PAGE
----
Journal Article

Blastomycosis of the Central Nervous System: A Multicenter Review of Diagnosis and Treatment in the Modern Era

J. Ryan Bariola, Paul Perry, Peter G. Pappas, Laurie Proia, Wesley Shealey, Patty W. Wright, James M. Sizemore, Matthew Robinson and Robert W. Bradsher

in Clinical Infectious Diseases

Published on behalf of Infectious Diseases Society of America

Volume 50, issue 6, pages 797-804
Published in print March 2010 | ISSN: 1058-4838
Published online March 2010 | e-ISSN: 1537-6591 | DOI: http://dx.doi.org/10.1086/650579
Blastomycosis of the Central Nervous System: A Multicenter Review of Diagnosis and Treatment in the Modern Era

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Background. Central nervous system (CNS) involvement with Blastomyces dermatitidis is an uncommon and potentially fatal complication of blastomycosis.

Methods. We retrospectively reviewed 22 patients with CNS blastomycosis at our institutions from 1990 through 2008 (13 proven, 5 probable, and 4 possible cases).

Results. Magnetic resonance imaging was used in most patients, alone or in addition to computed tomography. CNS blastomycosis manifested as epidural abscess (1 of 22), meningitis (7 of 22), intracranial mass lesions (10 of 22), and concomitant intracranial mass lesions and meningitis (4 of 22). All patients received amphotericin B deoxycholate or a lipid formulation of amphotericin B as part of their treatment regimens. Most patients received amphotericin B followed by a prolonged course of oral azole therapy (voriconazole, fluconazole, or itraconazole). Four (18%) of 22 patients died during follow-up.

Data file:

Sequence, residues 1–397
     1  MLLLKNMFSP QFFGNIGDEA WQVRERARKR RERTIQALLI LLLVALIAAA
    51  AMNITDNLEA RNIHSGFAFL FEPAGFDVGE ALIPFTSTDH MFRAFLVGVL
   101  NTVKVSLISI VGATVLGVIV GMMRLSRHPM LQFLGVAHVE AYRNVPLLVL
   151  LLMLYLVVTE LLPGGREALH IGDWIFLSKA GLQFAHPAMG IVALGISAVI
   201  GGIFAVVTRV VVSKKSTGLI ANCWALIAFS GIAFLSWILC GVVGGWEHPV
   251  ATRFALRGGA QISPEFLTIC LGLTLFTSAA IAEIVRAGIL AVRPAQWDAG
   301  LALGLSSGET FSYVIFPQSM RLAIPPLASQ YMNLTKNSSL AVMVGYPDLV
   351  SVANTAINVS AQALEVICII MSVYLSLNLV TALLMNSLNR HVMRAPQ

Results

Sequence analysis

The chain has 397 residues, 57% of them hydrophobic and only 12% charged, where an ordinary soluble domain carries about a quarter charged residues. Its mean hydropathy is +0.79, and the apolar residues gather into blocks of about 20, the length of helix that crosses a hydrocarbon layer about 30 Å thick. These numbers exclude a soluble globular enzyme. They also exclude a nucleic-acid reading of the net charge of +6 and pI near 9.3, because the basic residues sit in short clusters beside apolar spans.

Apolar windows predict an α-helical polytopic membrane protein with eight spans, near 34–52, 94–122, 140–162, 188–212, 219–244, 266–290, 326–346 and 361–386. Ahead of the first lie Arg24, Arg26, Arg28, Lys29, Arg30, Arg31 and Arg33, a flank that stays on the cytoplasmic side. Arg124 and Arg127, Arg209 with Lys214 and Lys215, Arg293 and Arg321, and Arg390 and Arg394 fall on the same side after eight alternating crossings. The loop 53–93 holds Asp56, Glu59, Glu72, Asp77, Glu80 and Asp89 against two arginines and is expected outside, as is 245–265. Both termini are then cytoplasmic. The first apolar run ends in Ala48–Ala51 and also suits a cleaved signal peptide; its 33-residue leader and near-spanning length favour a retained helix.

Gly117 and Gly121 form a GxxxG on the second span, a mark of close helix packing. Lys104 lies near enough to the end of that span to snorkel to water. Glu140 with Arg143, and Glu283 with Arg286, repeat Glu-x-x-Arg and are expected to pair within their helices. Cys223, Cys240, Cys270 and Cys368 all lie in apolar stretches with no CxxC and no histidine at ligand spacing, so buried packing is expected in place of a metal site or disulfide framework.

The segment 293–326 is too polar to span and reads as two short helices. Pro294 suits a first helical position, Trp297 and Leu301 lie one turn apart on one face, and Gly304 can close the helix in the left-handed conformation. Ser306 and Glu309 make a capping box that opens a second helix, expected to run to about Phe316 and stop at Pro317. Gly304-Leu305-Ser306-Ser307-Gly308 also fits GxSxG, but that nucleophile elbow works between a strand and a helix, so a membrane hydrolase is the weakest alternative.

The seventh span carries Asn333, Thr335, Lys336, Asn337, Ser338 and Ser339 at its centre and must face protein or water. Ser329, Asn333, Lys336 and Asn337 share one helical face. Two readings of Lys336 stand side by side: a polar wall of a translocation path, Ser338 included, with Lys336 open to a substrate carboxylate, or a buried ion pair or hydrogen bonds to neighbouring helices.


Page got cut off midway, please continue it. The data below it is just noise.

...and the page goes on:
Conclusions. On the basis of these data, we recommend initial treatment with a lipid formulation of amphotericin B followed by a prolonged course of oral azole therapy, preferably voriconazole.

Journal Article.  3900 words.  Illustrated.

Subjects: Infectious Diseases ; Immunology ; Public Health and Epidemiology ; Microbiology

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